Friday, December 6, 2013

HP Prime Programming Tutorial #8: ARC, LINE, and Placement of Graphics

Welcome to Part 8 of the HP Prime Tutorial. Continuing in our drawing commands, we are going to feature ARC and LINE.

ARC and ARC_P: Draws a Circle or a Circular Arc

Syntax:

Cartesian:
ARC(x, y, r, angle 1*, angle 2*, color*).

Pixels:
ARC_P(x, y, r, angle 1*, angle 2*, color*)

x: x coordinate

y: y coordinate

r: length of the radius in pixels. This is why I prefer using pixel commands in my programming.

angle 1 and angle 2: If included, these two arguments draw an arc segment. The angle follows the conventional circle notation, starting with 0 (due east) going counter clockwise. Use the current angle mode.

color: color of the arc. To use it, angle 1 and angle 2 must be included.

LINE and LINE_P

Draws a line segment from (x1, y1) to (x2, y2). The color is optional.

Syntax:

Cartesian:
LINE(x1, y1, x2, y2, color*)

Pixels:
LINE_P(x1, y1, x2, y2, color*)

The next to programs CIRCLE1 and CIRCLE2 do the same thing: draw a circle, label quadrants and angels. The reason why I am posting these two is that when you are programming graphics, care must be given. Adjustments to where graphics are placed can be necessary and I hope CIRCLE1 and CIRCLE2 illustrates this.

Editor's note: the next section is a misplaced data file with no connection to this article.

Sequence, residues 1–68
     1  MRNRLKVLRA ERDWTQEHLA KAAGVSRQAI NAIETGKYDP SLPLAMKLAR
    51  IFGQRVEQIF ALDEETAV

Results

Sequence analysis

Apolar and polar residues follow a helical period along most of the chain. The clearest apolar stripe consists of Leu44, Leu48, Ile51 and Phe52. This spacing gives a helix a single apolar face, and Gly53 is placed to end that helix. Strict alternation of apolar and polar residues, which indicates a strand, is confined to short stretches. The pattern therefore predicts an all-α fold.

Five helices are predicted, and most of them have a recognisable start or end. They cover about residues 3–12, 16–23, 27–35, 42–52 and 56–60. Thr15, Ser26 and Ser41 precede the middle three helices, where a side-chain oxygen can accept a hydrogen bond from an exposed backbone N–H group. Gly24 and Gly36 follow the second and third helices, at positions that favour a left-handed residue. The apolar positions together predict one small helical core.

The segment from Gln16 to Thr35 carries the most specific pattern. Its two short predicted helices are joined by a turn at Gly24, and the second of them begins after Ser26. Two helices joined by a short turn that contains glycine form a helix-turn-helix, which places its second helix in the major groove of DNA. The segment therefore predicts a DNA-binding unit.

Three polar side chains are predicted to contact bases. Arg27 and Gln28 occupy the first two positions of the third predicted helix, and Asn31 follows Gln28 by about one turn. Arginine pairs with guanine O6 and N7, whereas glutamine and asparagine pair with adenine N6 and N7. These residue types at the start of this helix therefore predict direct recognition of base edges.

Medium font is assumed (set in Home Settings).

The angle symbol (°) get be retrieved by pressing Shift + 9 and selecting ° from the grid.

CIRCLE1 (the "rough draft", if you will):

EXPORT CIRCLE1()
BEGIN
RECT();
TEXTOUT_P("Circle", 0, 0);
TEXTOUT_P("II",109,59);
TEXTOUT_P("90°",159,59);
TEXTOUT_P("I",209,59);
TEXTOUT_P("180°",109,109);
TEXTOUT_P("0°",209,109);
TEXTOUT_P("III",109,159);
TEXTOUT_P("270°",159,159);
TEXTOUT_P("IV",209,159);

LINE_P(0,109,318,109,RGB(16,16,16));
LINE_P(159,0,159,239,RGB(16,16,16));

ARC_P(159,109,30);
FREEZE;
END;


The results:

This is good, but we can do better. First I am going to move the labels II, 180°, and III 10 pixels to the left, primarily so the 180° label does not touch the circle.

Second I am going to move the labels III, 270°, and IV up 10 pixels to make the bottom line look better and not "so far away" from the circle.

Although it is not necessarily, I am going to make the angle labels blue. I will need to specify the font size code at 0.

Finally, I find that the lines are too dark. I am going to make them a bit more gray.

Here is the second revision. For the purposes of this tutorial, I call this program CIRCLE2. All changes are in bold.

EXPORT CIRCLE1()